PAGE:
Is the North Korean Won Pegged to the RMB? Probably, but the Numbers Don’t Show It
The market exchange rate between the North Korean won, the Chinese renminbi (RMB), and the US dollar (USD) has looked remarkably stable over the past few years. Particularly striking is its stability during the 18 months of sharp US-DPRK tensions followed by diplomatic warming, suggesting that some sort of stabilization measures seem to be in force. It would make sense to assume, because of the overwhelming predominance of China among North Korea’s trade partners, that the regime somehow maintains a currency peg to the Chinese RMB. Yet, looking at market exchange rate data, we find that the won actually fluctuates more against the RMB than the USD. This finding is counterintuitive, but it isn’t wholly illogical or impossible to explain. On the face of it, the data doesn’t prove that the won is pegged to the RMB. We maintain, however, that given the North Korean context, a peg to the RMB still makes the most sense, and that the data doesn’t disprove it either.
Whatever factors may be at work, North Korea’s exchange rate stability implies that the regime has important tools at its disposal to ease the effects of economic sanctions. Sanctions could have caused hyperinflation, for example, with social unrest following. To date, this hasn’t happened. In general, North Korea’s exchange rate stability suggests that the country’s economy is more resilient towards outside shocks than many believe. Regardless of whether or not the won is pegged to the RMB, the exchange rate stability signals a somewhat puzzling calm, rather than panic, within North Korea’s economy.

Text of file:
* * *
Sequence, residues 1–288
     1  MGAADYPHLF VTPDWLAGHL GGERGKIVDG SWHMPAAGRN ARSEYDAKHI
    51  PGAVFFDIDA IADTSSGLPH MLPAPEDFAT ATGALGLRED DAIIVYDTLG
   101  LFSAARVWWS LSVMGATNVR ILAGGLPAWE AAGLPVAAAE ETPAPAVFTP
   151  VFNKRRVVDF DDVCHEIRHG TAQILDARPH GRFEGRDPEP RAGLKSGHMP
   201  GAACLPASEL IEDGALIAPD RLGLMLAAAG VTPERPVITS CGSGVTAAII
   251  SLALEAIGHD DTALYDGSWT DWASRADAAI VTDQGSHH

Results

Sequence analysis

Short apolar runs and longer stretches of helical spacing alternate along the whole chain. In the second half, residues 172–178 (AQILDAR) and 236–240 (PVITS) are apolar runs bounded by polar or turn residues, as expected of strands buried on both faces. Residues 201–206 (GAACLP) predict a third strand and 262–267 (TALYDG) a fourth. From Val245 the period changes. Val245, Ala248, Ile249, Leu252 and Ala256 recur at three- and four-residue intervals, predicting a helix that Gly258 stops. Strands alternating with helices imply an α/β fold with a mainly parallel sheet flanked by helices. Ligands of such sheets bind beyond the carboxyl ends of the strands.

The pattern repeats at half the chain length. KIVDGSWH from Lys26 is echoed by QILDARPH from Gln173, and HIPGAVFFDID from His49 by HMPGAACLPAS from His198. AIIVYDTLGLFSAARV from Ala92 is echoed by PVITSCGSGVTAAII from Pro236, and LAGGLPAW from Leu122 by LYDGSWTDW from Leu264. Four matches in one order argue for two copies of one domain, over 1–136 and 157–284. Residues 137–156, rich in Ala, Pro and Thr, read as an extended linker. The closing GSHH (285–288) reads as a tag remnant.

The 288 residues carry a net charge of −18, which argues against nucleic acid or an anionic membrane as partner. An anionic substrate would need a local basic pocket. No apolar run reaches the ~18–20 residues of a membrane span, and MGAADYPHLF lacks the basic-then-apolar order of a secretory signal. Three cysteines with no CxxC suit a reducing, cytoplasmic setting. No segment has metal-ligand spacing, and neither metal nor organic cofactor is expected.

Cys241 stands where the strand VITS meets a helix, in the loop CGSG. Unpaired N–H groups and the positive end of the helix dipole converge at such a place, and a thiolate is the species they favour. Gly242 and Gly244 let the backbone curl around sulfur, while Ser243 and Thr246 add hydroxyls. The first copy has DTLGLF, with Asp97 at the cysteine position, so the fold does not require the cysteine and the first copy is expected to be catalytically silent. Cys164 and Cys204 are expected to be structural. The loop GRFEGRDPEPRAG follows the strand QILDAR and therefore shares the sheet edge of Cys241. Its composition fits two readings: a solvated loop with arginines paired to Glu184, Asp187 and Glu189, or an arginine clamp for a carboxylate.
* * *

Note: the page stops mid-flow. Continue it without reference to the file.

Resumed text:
Exchange Rates in North Korea
To understand these numbers, one must first consider what exchange rates actually mean in North Korea and how they function. Very little is known about the basic operations of the North Korean central bank, and the regime’s main channels for monetary policy. Moreover, the term “exchange rate” is itself complicated in the North Korean case, since two systems exist. One is often known as the official rate, which is associated with the so-called “foreign currency won” (FX-won)—a fixed unit of accounting from which foreign currency prices are calculated in foreign currency shops, hotels and perhaps also between enterprises. The exchange rate for this unit is released daily by the Foreign Trade Bank of the Democratic People’s Republic of Korea. When you pay for goods or services in foreign exchange shops, the price is given in this currency, and the shop attendant uses a calculator and the store’s Foreign Exchange Rate table (also issued daily) to give you the price in the foreign currency you want to pay in.
The other rate, often misunderstood to be the “black market rate,” is North Korea’s actual foreign exchange rate, as set by the market. In fact, it is not a “black market” rate at all. It is simply the rate at which real paper Korean People’s won (KPW), the currency of North Korea, is now exchanged in both markets and state-owned retail outlets like the Kwangbok Area Shopping Center in Pyongyang. In other words, this is the actual exchange rate used in the economy, and the only one that really matters for private citizens and traders outside of the state enterprise system. In this article, “exchange rate” means the market rate of the won to foreign currency, i.e., the actual rate at which real paper KPW is exchanged.
Why the Won is Likely Pegged to the RMB